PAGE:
How to Get Rid of White Bugs on Green Plants
Most home gardeners cultivate plants because they enjoy caring for them and appreciate the beauty green plants add to a home or landscape. Unfortunately, that beauty can be marred by insect pests. White bugs are common on plants and can signify a white spider mite infestation, mealybug infestation or white fly. All three of these insects can damage or even kill your plant, so take steps to get rid of the bugs as soon as you see them. The steps for getting rid of these insect pests are almost the same, regardless of the particular type of bug.
Isolate the plant. Remove it immediately from nearby plants if it is potted. This will prevent the white bugs from trying to escape your control techniques by spreading to a new plant.
Examine the plant. Check under leaves for bugs that may be hiding, and check the soil for larvae. If the plant and soil are heavily infested, consider throwing out the plant completely.
Hit the plant with a strong stream of water. This might knock off some of the adult bugs without using chemicals. Let the plant dry.
Remove remaining bugs by hand. Mealybugs and white flies can easily be seen with the naked eye. Dip a small paintbrush or cotton swab in rubbing alcohol, then rub that on any white bugs still clinging to the plant. You may see white, sticky globs (mealybugs) on stems and under leaves. Rub them well with the alcohol. You may also see some small white webs (from the spider mites, although the mites themselves are very small and hard to see with the naked eye). Be sure to knock those down. Dip the swab or brush in a bowl of water to drown the bugs between swipes.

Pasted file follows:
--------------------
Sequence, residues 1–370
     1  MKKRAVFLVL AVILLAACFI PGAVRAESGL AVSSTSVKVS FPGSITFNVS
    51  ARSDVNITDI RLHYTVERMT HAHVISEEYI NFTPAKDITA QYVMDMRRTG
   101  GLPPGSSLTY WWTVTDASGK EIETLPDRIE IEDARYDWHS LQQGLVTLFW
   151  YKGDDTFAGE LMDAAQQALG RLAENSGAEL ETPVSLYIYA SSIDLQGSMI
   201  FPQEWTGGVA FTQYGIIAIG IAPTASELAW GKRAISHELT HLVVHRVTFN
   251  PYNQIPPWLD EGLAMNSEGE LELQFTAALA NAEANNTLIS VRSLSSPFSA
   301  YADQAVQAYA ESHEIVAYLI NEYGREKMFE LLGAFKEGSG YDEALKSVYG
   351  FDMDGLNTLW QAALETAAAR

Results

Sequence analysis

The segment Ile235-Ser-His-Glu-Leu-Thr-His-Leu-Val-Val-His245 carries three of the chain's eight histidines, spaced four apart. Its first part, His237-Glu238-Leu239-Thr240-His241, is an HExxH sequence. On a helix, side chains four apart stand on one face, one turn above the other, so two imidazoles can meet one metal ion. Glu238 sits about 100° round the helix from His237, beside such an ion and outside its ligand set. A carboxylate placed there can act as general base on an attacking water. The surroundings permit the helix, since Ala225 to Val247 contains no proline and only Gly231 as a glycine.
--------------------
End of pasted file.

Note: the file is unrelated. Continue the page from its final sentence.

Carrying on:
Monitor the plant for more bug action. You may need to douse it and the soil with an insecticide if the insect pests return. If the bugs do return, it is possible they hatched from eggs in the soil. In that case, first douse the plant with insecticide, then remove the plant and re-pot it in a new, clean pot using new, untainted potting soil.
Use insecticide as a last resort, as it can damage some flowers blossom and fruit.
- Use insecticide as a last resort, as it can damage some flowers blossom and fruit.
- Hose or pressure sprayer
- Small paintbrush or cotton swab
- Rubbing alcohol
- Bowl of water
- Clean pot
- Potting soil